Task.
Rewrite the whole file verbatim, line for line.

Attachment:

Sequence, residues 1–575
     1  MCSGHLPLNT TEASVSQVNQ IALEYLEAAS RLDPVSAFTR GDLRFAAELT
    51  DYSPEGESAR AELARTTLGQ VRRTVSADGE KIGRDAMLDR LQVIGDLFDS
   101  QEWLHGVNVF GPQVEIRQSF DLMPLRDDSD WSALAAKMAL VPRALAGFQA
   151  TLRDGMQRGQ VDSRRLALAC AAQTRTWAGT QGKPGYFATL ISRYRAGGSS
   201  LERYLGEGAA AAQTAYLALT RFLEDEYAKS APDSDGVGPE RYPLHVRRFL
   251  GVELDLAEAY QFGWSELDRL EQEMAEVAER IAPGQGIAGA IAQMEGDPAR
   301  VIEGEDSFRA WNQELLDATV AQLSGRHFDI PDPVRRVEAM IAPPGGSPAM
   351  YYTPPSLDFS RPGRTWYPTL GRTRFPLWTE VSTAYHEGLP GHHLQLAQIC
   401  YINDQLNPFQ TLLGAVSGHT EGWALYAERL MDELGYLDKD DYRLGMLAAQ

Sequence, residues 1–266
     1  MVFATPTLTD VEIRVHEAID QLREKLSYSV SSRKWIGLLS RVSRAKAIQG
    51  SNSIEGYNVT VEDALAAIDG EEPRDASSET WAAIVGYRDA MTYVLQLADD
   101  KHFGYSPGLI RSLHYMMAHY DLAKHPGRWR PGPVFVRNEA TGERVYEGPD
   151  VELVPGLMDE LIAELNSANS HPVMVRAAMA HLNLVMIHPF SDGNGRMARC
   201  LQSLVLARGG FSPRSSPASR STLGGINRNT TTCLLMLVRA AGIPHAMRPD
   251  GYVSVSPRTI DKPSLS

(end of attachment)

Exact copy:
Sequence, residues 1–575
     1  MCSGHLPLNT TEASVSQVNQ IALEYLEAAS RLDPVSAFTR GDLRFAAELT
    51  DYSPEGESAR AELARTTLGQ VRRTVSADGE KIGRDAMLDR LQVIGDLFDS
   101  QEWLHGVNVF GPQVEIRQSF DLMPLRDDSD WSALAAKMAL VPRALAGFQA
   151  TLRDGMQRGQ VDSRRLALAC AAQTRTWAGT QGKPGYFATL ISRYRAGGSS
   201  LERYLGEGAA AAQTAYLALT RFLEDEYAKS APDSDGVGPE RYPLHVRRFL
   251  GVELDLAEAY QFGWSELDRL EQEMAEVAER IAPGQGIAGA IAQMEGDPAR
   301  VIEGEDSFRA WNQELLDATV AQLSGRHFDI PDPVRRVEAM IAPPGGSPAM
   351  YYTPPSLDFS RPGRTWYPTL GRTRFPLWTE VSTAYHEGLP GHHLQLAQIC
   401  YINDQLNPFQ TLLGAVSGHT EGWALYAERL MDELGYLDKD DYRLGMLAAQ

Sequence, residues 1–266
     1  MVFATPTLTD VEIRVHEAID QLREKLSYSV SSRKWIGLLS RVSRAKAIQG
    51  SNSIEGYNVT VEDALAAIDG EEPRDASSET WAAIVGYRDA MTYVLQLADD
   101  KHFGYSPGLI RSLHYMMAHY DLAKHPGRWR PGPVFVRNEA TGERVYEGPD
   151  VELVPGLMDE LIAELNSANS HPVMVRAAMA HLNLVMIHPF SDGNGRMARC
   201  LQSLVLARGG FSPRSSPASR STLGGINRNT TTCLLMLVRA AGIPHAMRPD
   251  GYVSVSPRTI DKPSLS